Television news that night, on all four stations, reported the tower.
The next day, The Age reported: St Kilda’s esplanade to keep its favourite pub (Carolyn Webb, 19 February 1998) and the Herald Sun announced: Tower for hotel site (Kylie Hansen, 19 February 1998). Michael Bachelard told readers of The Australian that the Noisy old rocker has no plans to budge for elevated company (19 February 1998). The Australian Financial Review assured punters the New plan allows Espy to maintain its grunge (Michael Cave, 19 February 1998). The Port Phillip Leader, on the other hand, predicted that a New battle looms (Denis Brown, 23 February 1998), given the likely demolition of Baymor Court.
Concerns that a 25-storey apartment tower would dwarf the Espy were re-ignited as Becton moved to seek exemption from the site’s six-storey controls and were further fuelled by speculation that the State Planning Minister, Rob Maclellan may have struck a secret deal with developers (Talk of ‘deal’ on Espy tower, Emerald Hill Times, 25 February 1998).
In April 1998, at a two-day hearing, Becton opposed Heritage Victoria’s recommendation to give the Esplanade Hotel and adjoining Baymor Court state-level heritage protection. In a bitter blow, Heritage Victoria was swayed by Becton's arguments. It refused to register the hotel as a building of State significance. (Copies of submissions lodged with Heritage Victoria are available via the FOI process.)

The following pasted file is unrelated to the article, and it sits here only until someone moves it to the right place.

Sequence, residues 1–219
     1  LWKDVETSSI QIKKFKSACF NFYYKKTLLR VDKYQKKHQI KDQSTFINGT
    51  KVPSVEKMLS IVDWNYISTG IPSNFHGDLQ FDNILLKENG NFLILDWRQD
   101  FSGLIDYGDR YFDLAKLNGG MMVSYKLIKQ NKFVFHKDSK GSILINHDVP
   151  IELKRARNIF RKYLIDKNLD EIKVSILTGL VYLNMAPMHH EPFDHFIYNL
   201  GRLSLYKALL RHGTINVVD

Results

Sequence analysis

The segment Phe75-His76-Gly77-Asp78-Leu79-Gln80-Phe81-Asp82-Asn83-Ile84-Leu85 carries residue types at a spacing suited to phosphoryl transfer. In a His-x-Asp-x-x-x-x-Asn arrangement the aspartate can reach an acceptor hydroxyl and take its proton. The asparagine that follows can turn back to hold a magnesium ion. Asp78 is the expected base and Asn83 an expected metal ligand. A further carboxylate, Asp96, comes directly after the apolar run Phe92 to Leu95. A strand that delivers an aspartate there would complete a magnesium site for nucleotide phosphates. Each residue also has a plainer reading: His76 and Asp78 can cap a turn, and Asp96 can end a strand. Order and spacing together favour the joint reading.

- the Esplanade Alliance submission in support of Council’s heritage application
- Becton’s arguments against the listing, and
- The grounds for refusal
The Heritage Victoria decision put the onus on the Port Phillip Planning Scheme to protect the Esplanade Hotel at a time when the State Government was pushing to scrap City of Port Phillip height limits.
Though Council’s existing height controls had made it through the first round of VPPs reviews in November 1997, they only did so as ‘interim’ controls, to be phased out by 31 December 1998 in favour of site-by-site planning controls - without height limits. Soon Council would need to exhibit changes to its planning scheme - Amendment C5 - to reflect the State Government’s planning agenda, including changes to the Espy site’s six-storey height controls. And in the next few weeks Becton would move to take advantage of this critical moment of transition in the Victorian planning regulations.
Ahead of that move, in May 1998, Becton’s architectural adviser, University of Melbourne Professor Haig Beck, wrote to The Age to argue in favour of Becton’s foreshore tower vision (13 May 1998). His letter sparked a planning and architectural merit debate in the letter pages of The Age (14, 18, and 21 May 1998). Professor Kim Dovey, also from the University's architectural fraternity, responded by lamenting a planning code that enabled “mega-projects where the scale so brutalises the city that the design scarcely matters, except as marketing” (The Age, 3 June 1998).